The Feast of
the Presentation of the Lord
The Feast of the Presentation of the Lord (Feb. 2) is also known as Candlemas. This feast commerates the day that the Blessed Virgin Mary presented herself and the Child Jesus at the temple, as Mosaic law required. The story is told in the Gospel of St. Luke (Lk 2:22-40). A wonderful explanation of this feast can be found at Fisheaters.
Mosaic law required that women who had given birth were to be excluded from the temple sanctuary for 40 days. After this period of cleansing, a ritual of purification was performed. It was at this moment that Mary went to the temple with her sacrifice (a pair of turtledoves or pigeons) in order to be purified. She also brought the Infant Jesus so that he may be redeemed by God, as all first-born sons must.
The focus for the Church is placed much more on the aspect of the consecration of Jesus than on Mary’s ritual purification. “This event is the first solemn introduction of Christ into the House of God.” Among the many reflections that may be profitable for us, one stands out: this feast shows to us the great virtue of obediance. Certainly, if anyone had reason to consider himself or herself no longer bound by Mosaic law, it would have been Mary:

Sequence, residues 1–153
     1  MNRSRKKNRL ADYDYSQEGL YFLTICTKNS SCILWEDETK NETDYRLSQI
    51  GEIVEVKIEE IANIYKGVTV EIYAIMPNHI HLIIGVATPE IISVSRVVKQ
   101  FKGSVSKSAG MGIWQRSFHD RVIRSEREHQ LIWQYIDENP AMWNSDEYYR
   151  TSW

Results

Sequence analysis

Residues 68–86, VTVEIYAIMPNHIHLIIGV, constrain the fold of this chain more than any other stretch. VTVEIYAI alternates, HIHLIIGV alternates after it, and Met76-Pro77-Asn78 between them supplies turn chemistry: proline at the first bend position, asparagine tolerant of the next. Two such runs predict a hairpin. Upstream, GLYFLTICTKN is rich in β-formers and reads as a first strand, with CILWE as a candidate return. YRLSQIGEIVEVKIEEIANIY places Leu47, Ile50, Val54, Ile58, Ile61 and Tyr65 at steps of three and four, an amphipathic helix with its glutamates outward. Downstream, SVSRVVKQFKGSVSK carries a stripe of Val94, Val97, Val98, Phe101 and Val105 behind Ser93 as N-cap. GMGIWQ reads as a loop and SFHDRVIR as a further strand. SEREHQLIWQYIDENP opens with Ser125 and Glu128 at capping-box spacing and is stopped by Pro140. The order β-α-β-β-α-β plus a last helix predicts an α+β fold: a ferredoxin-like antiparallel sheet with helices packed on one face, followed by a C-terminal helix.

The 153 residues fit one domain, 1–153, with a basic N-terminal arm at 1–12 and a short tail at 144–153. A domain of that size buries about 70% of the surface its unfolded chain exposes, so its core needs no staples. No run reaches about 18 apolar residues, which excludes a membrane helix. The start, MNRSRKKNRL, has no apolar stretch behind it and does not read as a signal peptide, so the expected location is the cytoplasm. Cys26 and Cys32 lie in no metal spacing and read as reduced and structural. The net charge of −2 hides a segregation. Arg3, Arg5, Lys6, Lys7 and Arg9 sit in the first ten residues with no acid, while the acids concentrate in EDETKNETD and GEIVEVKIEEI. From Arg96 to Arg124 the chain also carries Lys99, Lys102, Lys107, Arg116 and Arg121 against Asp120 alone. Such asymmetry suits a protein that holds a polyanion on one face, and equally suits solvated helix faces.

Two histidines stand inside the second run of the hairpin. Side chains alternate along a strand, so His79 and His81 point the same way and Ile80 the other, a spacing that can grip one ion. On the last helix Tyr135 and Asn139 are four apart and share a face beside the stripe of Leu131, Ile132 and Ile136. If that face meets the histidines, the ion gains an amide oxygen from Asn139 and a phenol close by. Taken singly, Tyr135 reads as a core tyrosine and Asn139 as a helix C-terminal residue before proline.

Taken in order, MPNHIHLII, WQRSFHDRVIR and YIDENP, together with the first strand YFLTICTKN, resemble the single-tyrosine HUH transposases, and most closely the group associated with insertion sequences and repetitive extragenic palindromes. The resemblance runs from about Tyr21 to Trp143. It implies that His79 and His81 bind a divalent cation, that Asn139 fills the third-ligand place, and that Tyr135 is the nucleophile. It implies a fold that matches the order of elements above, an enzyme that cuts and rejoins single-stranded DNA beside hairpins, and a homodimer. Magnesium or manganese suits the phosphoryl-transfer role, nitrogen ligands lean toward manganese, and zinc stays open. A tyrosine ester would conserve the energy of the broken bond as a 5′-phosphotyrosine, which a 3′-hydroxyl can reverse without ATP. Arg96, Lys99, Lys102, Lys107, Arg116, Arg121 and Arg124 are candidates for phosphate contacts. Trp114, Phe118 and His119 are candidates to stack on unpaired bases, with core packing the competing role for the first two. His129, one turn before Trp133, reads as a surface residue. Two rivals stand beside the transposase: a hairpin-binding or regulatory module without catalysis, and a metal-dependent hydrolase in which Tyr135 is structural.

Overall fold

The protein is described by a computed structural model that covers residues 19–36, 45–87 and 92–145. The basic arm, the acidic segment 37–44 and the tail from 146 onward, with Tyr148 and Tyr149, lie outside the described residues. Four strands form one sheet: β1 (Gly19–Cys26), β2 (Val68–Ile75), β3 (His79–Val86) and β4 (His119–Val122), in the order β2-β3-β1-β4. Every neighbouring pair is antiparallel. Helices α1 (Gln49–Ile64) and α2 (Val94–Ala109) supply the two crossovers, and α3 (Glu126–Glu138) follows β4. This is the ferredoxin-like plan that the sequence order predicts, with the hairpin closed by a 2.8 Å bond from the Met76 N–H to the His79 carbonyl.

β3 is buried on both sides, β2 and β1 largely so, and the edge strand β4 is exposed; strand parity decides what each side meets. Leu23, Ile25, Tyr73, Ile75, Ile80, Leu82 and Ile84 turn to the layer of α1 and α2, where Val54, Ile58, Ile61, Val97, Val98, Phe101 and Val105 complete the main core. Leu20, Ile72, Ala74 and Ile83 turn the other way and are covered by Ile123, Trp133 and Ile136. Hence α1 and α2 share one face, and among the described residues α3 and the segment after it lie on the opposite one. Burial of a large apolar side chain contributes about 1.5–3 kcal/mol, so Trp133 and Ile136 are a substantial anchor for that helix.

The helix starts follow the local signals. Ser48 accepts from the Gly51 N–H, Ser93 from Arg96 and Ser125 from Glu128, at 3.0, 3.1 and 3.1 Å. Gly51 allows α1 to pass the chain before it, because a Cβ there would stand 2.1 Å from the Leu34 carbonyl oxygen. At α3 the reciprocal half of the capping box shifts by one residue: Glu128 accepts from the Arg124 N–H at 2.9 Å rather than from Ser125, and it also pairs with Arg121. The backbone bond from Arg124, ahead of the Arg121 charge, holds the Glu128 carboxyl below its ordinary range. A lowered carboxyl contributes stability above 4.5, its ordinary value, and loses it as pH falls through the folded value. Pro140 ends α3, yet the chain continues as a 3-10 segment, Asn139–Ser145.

She is the Mother of God – why should she have to humble herself to fulfilling purification rites?
Why should Jesus, the Son of God and her son, have to humble Himself in being presented in the temple like everyone else?
Why should He have to be redeemed in the House of God? Was it not He who came to redeem us?
Of course, the lesson for us is that our faith begins with obediance. Mary was obediant to the law, and so was her son. It is right and fitting that Jesus Christ and His mother should model for us all the example of faithful obediance.
This feast is also known as Candlemas. This name comes from the fact that the Church would bless the supply of candles to be used in church and homes for the next year. For great information about the symbolic and liturgical significance of candles, there is a very good article in the Catholic Encyclopedia at New Advent.